The Sunday Telegraph – I believe in Trident, and using it if necessary. By Bishop Michael Nazir-Ali (Bishop of Rochester in the CofE, a dual Pakistani and British citizen, and author of Conviction and Conflict: Islam, Christianity and World Order)

Once again the General Synod of the Church of England has been wrong-footed by passing a last-minute motion declaring the renewal of Trident to be unethical. The original motion had been carefully thought-out and was supported by documents setting out the situation facing the United Kingdom and asking probing and intelligent questions about the Government’s intentions. Instead, the Church has now been left in a position which can be seen as mere moralising and trying to dictate defence policy.

All of this is extremely unfortunate because the Churches in general, and the Church of England in particular, have a legitimate role in the debate on the replacement or renewal of a minimum nuclear deterrent. Any Christian contribution in this area must, of course, reaffirm its commitment to the great Biblical vision of nations and peoples beating their swords into ploughshares and their spears into pruning hooks. Such a controlling vision of peace will lead Christians and Churches to be involved in the work for complete nuclear and, indeed, conventional disarmament. Many will recognise, though, that progress in such matters is slow, painful and accompanied by many setbacks. …

So far, the policy of deterrence has succeeded and there is no reason to believe that it should not be part of an overall policy to maintain global and regional peace. The Government claims it is “consistently and progressively” meeting its obligations under the Nuclear Non-Proliferation Treaty. This is to be welcomed and it should be urged to use its considerable international influence to give impetus to a multilateral agreement for a nuclear free world.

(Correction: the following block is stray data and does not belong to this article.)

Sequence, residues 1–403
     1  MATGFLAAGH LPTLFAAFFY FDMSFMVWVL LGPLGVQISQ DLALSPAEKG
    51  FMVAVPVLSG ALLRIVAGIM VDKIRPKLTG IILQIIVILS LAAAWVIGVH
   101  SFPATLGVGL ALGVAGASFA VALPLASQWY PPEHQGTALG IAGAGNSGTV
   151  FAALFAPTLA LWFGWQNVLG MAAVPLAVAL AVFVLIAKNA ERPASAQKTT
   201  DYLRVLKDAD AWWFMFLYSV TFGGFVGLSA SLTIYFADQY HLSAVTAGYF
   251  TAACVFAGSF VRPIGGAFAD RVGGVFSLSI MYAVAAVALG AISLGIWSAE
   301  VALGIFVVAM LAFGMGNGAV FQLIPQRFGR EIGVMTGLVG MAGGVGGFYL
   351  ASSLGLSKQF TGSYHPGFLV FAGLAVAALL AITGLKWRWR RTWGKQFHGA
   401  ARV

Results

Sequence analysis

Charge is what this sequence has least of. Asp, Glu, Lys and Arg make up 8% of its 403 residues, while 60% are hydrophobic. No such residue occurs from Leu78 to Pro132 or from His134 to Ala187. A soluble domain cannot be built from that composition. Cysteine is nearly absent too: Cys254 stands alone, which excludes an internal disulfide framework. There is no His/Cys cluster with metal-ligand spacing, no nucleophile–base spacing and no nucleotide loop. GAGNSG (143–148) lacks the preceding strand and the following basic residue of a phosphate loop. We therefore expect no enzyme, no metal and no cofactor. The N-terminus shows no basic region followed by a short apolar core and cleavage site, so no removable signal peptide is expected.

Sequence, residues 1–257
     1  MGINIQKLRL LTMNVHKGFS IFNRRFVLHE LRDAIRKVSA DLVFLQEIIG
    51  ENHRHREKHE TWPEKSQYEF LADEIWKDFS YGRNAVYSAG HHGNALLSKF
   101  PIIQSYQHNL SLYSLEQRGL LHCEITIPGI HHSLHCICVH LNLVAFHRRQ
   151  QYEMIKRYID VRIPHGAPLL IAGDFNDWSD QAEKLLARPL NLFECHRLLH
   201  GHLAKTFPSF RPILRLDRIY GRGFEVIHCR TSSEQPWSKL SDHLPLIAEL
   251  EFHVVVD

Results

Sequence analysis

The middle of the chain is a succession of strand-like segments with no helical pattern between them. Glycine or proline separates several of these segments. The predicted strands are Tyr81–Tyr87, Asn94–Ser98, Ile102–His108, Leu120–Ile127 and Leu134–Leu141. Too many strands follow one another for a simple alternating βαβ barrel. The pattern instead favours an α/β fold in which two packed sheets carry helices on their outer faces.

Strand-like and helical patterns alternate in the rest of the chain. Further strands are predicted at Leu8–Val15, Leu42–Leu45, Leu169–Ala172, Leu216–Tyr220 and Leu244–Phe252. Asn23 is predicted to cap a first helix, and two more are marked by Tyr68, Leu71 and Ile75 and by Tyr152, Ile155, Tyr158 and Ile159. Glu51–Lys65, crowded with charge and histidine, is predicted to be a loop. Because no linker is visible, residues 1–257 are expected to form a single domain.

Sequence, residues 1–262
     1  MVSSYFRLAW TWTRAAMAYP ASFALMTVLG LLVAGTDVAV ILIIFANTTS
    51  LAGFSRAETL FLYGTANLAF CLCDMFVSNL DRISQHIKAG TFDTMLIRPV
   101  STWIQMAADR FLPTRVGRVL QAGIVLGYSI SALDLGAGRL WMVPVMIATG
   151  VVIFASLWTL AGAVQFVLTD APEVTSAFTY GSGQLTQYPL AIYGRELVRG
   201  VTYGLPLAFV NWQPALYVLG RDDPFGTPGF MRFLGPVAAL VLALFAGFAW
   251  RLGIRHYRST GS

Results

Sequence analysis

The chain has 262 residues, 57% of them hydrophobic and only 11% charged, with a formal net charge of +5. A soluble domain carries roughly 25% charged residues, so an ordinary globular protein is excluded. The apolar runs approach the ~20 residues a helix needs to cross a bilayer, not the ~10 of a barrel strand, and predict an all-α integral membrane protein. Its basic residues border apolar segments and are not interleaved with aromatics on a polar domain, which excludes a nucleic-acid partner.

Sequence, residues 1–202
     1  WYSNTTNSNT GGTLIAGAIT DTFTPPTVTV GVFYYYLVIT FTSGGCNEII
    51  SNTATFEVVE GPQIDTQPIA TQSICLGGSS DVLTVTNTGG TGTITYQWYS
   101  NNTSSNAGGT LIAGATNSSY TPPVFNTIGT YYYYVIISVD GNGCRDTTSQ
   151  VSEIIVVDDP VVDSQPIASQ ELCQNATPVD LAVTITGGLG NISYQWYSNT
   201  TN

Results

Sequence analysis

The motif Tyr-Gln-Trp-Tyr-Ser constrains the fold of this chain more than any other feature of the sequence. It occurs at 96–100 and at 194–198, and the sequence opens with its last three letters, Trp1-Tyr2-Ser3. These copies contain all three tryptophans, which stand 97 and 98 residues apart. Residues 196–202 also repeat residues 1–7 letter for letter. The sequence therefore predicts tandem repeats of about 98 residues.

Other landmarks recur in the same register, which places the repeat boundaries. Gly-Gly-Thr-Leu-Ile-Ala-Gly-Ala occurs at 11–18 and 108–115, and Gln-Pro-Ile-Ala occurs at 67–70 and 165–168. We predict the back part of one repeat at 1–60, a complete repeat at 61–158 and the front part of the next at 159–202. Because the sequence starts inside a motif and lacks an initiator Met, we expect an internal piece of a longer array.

The cost of replacing or renewing Trident is often cited as a reason for not doing so. Instead, it is argued that the money should be spent on international development or environmental projects. Yet the cost of Trident is very small compared to the UK’s GDP and is a small price to pay for the security on which many other social goods depend.

Parliament will debate the question on Trident’s replacement or renewal later this month. Because of what I have said above, I am personally in favour of retaining a minimum nuclear deterrent. The task of the Churches, however, is to resource this debate by setting out the moral criteria which need attention rather than trying to make Government policy from the sidelines.

I wonder if he’s been reading ninme’s comments.